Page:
Most of budget-friendly carrier JetBlue Airways’ orders for narrow-body A321s and A220s would also be among those exempt, but the carrier still warned of a hit to travellers and commercial aviation.

“We are concerned about the detrimental impact aircraft tariffs will have on the ability for low-cost carriers like JetBlue to grow and compete, which will harm customers who rely on us to offer competitive, low fares,” spokesman Derek Dombrowski said.

Story continues below advertisement

JetBlue continues to advocate for a resolution, he said.

Delta and JetBlue, with the second-largest Airbus order among U.S. carriers, had both lobbied for the tariffs to be applied only to new orders.

Delta and United Airlines have the most orders for A350 and A330neo wide-body jets, which Airbus cannot finish in Alabama. Wide-body jets, with more premium seats, tend to have higher margins for airlines.

Just last week Delta pledged to buy 14 more A350s as part of a strategy to grow in Latin America through the acquisition of a 20 per cent stake in LATAM Airlines Group.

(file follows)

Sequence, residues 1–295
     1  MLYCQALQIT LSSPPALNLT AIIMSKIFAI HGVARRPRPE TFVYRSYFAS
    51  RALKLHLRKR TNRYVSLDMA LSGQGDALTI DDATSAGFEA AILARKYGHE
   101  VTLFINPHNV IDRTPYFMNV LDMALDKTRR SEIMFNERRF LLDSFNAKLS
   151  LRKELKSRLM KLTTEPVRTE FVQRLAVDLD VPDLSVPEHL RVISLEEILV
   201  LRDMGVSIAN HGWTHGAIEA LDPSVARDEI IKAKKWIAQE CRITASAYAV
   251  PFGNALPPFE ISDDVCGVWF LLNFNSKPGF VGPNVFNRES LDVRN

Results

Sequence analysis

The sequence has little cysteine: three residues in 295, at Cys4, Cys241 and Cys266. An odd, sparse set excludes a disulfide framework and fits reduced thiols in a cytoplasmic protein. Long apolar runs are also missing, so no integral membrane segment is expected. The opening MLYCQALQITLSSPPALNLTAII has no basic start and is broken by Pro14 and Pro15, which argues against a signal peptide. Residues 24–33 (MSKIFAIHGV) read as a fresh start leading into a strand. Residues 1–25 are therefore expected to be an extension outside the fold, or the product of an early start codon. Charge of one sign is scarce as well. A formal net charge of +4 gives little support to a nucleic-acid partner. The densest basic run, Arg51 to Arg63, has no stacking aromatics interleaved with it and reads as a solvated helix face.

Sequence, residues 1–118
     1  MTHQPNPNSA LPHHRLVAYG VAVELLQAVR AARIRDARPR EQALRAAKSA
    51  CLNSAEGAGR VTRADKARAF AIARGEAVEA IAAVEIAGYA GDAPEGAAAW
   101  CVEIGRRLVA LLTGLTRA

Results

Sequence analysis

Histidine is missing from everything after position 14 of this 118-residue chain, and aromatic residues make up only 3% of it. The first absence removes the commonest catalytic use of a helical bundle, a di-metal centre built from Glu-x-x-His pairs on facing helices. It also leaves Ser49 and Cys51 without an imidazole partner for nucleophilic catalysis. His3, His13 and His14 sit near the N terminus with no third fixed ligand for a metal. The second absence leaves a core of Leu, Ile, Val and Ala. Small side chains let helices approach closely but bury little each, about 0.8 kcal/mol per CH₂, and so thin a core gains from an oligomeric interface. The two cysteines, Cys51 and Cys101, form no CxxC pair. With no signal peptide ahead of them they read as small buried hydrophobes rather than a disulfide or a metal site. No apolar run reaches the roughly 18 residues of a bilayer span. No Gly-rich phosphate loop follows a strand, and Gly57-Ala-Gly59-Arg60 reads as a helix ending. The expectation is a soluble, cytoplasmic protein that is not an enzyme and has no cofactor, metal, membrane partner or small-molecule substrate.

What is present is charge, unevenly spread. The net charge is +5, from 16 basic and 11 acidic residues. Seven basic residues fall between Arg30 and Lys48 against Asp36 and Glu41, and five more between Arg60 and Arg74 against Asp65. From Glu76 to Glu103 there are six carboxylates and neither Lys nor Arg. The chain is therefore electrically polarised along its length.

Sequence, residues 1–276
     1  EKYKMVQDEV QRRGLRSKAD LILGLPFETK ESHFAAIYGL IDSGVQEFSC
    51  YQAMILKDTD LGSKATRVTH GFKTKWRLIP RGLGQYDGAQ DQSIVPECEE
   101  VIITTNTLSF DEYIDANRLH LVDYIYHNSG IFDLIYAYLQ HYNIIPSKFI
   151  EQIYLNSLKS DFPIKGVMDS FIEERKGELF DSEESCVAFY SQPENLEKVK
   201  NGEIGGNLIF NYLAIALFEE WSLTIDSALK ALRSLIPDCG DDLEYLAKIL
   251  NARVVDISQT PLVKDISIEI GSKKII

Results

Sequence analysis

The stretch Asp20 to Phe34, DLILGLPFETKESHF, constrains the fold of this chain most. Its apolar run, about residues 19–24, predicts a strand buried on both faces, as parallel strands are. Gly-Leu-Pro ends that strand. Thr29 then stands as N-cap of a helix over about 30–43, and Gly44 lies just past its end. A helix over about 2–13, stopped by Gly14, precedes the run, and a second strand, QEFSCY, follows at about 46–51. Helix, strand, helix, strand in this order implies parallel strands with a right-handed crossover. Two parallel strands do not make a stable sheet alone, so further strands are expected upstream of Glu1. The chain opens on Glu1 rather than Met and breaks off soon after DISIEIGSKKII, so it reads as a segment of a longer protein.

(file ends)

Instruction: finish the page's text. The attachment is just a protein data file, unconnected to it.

American Airlines Group and Alaska Air Group also have Airbus orders, as do lessors like Air Lease Corp.

Most aircraft leases place the burden of taxes, maintenance and insurance on the operator, Macquarie analyst Susan Donofrio said, but noted “it is unclear as to how far reaching the definition of taxes are in lease agreements in a unique scenario such as this one.”

Story continues below advertisement

The head of Ireland’s Ryanair urged the United States and European Union to pull back from a tariff war over aircraft subsidies and said he would ask Boeing to “eat” any counter-tariffs imposed on the U.S. firm by the EU.

Your time is valuable. Have the Top Business Headlines newsletter conveniently delivered to your inbox in the morning or evening. Sign up today.

Report an error
Tickers mentioned in this story